Panfilova is another Facebook friend I finally have a chance to meet. “In fact this is a demonstration against corruption,” she says. “People started thinking: why did they falsify the elections? To stay in power. And why do they need to stay in power? To steal.” I ask Panfilova if she’s happy with the turnout. “I’m worried,” she says. “This shouldn’t be for just one day.” At this point in our conversation, Tor, who’s not standing very far away, starts blowing on his whistle so hard that I can barely hear Panfilova. “Now the ball is in their court,” she shouts. “And it’s a big ball.”
In the meantime, Dmitry Dyomushkin, head of the now banned Slavic Union (in Russian its initials are “SS”), appears behind the stage. He stands out in a crowd because of his bushy beard. He smiles when I introduce myself as an American journalist: “Oh yes, Barack Obama paid me to come here today.” I ask him what the main demands at tomorrow’s nationalist rally will be. “We’ll also speak out for free elections and freedom of assembly,” Dyomshkin says.
“We also don’t like that these khans stay in power.” The conversation ends here, as there’s a small scuffle on the steps leading up to the stage. Security isn’t letting through Alexander Belov, another nationalist leader.
Vladimir Ryzhkov, a liberal politician whose political career has also been stunted by impossibly harsh registration rules, is taking a symbolic vote on the protesters’ demands: freeing “political prisoners,” i.e. the hundreds of demonstrators locked up earlier in the week; annulling the results of the parliamentary elections; the resignation of Churov and an investigation into his activities as elections chairman; the registration of all political parties; free and fair elections.
If the demands aren’t met within two weeks, the next speaker announces, there will be another rally on December 24. He says organizers will again use Facebook and Twitter.
Ryzhkov takes the stage again, leading a chant: “Russia without Putin! Russia without Putin! Russia will be free! Russia will be free!” He compliments the police for guaranteeing the security of demonstrators and “acting like the police of a democratic country.” He asks people to begin leaving the rally and not to give in to any “provocations.”
The speeches are over. Kino, the rock group that became the voice for young people growing up during Mikhail Gorbachev’s perestroika (rebuilding) era, blasts from the speakers.
After taking pictures from the stage, I walk toward the Metro station near the Tretyakov Gallery to speak with some demonstrators. A middle-aged man who identifies himself as Maxim is a Yabloko supporter who took part in the mass demonstrations in the early 1990s. For the opposition to be successful, there must be a split inside the governing elite, he says. I completely share this opinion. No people-power revolution has succeeded without defections from the ruling clique, including the state security agencies. At the moment, that still seems like a remote possibility.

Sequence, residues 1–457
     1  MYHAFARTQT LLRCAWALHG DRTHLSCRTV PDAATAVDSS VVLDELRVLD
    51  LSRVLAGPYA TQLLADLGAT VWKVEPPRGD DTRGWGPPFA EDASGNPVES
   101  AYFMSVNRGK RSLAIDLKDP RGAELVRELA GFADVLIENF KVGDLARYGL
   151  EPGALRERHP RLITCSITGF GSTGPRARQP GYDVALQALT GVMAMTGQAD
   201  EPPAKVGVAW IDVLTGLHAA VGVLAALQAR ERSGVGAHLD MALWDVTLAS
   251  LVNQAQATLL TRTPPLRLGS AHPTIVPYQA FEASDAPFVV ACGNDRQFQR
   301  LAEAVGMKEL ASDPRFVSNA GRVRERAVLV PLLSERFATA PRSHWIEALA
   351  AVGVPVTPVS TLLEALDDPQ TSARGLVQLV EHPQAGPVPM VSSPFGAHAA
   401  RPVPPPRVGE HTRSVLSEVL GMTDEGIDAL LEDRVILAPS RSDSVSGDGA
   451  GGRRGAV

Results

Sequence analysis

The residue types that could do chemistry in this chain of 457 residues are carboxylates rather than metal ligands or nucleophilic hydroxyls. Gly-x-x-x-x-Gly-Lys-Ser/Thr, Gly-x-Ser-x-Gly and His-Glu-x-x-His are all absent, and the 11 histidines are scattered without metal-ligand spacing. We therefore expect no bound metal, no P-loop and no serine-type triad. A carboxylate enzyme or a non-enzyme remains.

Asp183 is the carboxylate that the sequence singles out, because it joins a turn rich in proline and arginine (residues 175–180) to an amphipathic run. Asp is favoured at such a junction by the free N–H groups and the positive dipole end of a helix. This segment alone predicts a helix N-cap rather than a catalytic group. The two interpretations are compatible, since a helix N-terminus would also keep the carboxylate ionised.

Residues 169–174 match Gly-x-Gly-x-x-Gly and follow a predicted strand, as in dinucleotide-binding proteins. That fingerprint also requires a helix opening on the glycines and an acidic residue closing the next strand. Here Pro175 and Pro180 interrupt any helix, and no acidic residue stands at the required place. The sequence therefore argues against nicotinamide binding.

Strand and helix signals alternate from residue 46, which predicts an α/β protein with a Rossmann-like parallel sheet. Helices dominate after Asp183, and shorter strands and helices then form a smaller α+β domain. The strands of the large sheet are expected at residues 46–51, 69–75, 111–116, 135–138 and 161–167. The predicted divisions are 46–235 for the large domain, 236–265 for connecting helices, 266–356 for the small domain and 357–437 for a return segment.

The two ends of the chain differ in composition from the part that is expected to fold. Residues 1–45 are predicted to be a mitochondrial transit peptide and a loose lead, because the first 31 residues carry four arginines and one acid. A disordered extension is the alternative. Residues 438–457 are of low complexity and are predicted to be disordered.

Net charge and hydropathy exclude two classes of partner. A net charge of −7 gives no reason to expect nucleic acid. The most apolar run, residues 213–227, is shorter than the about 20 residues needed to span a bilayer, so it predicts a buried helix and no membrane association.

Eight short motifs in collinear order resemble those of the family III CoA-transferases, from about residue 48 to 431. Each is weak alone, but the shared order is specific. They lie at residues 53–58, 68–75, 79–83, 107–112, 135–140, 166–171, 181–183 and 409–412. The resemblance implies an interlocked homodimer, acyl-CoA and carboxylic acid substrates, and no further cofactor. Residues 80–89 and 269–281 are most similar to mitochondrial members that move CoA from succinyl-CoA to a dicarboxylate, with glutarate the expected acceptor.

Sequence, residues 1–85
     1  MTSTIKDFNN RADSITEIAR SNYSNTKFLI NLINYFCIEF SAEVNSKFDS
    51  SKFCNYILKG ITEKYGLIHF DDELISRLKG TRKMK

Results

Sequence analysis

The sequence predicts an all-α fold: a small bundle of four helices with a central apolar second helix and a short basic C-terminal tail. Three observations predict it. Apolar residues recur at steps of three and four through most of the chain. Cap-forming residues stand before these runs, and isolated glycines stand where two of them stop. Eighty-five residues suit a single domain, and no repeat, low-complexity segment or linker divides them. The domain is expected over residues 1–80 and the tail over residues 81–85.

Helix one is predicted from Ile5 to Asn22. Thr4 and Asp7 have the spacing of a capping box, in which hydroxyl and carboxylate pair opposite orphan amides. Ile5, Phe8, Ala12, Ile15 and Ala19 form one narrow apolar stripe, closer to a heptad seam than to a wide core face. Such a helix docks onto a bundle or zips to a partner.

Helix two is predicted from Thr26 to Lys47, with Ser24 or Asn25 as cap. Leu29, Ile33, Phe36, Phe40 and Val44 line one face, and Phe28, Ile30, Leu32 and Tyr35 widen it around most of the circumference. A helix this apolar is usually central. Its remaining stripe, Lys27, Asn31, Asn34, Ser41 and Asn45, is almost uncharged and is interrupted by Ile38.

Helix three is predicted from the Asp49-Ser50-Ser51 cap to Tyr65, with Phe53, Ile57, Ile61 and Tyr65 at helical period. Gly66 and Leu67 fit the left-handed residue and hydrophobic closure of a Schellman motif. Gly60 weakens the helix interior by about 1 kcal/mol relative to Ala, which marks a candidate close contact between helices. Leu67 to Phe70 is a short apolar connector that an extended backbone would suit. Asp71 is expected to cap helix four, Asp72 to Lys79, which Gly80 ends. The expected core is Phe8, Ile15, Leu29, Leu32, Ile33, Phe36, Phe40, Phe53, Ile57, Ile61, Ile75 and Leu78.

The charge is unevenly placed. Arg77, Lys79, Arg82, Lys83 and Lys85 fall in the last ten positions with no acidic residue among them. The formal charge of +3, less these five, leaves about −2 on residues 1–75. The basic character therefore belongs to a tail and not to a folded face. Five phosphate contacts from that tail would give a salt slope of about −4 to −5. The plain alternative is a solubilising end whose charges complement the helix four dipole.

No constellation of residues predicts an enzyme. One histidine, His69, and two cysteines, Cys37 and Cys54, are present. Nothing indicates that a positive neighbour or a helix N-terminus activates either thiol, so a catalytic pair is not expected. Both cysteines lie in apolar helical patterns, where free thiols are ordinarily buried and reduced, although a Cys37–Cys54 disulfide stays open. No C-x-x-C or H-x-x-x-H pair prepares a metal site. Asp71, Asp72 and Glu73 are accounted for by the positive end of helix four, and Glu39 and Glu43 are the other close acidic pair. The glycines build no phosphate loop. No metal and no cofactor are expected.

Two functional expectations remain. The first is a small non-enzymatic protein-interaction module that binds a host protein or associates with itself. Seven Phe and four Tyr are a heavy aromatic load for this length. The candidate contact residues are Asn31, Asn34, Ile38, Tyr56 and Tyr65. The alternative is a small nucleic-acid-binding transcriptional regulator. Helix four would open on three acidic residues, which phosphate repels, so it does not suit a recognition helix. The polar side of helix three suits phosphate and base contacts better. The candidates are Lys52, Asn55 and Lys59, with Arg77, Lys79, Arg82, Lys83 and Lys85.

One young man on the foot bridge held a sign that said “Putin burn in hell.”
As I cross the intact foot bridge to the south bank of the Moskva, I pass a group of young people, one of whom is holding a cardboard sign on which is scrawled: “Putin, burn in hell.” They are all students at the Moscow Aviation Institute. The young man holding the sign, Anton, 21, is the most articulate. “Putin is shipping our natural resources out of the country and channeling the proceeds to a small, limited caste.” Anton knows all about the Kremlin shenanigans this autumn that prevented oligarch (and New Jersey Nets owner) Mikhail Prokhorov from heading a liberal party into the Duma. Anton and his friends say they get all their news from the internet. “We’re the children of perestroika,” he says.
Outside the Tretyakov Gallery I meet a young couple. Viktor voted for the Liberal Democrats, the party led by nationalist clown Vladimir Zhirinovsky, while his girlfriend voted for the Communists. (Both parties made significant gains in their parliamentary representation. Although they also claim there was vote rigging, the two parties aren’t in favor of annulling the election results.) I’m surprised.
“We’re the children of perestroika.”
“Are you a convinced Communist or did you vote for them out of protest?” I ask.
“Why ‘protest?’ I like the Communists,” the girl answers. “You want the wall back?” I ask incredulously. An elderly man smoking nearby overhears our conversation.
“What wall?” he says. “Education, medical care, housing, it was all free.”
“But you don’t want to go back to the Soviet Union!” says Viktor.
“No, of course not,” the man and the girl reply in unison.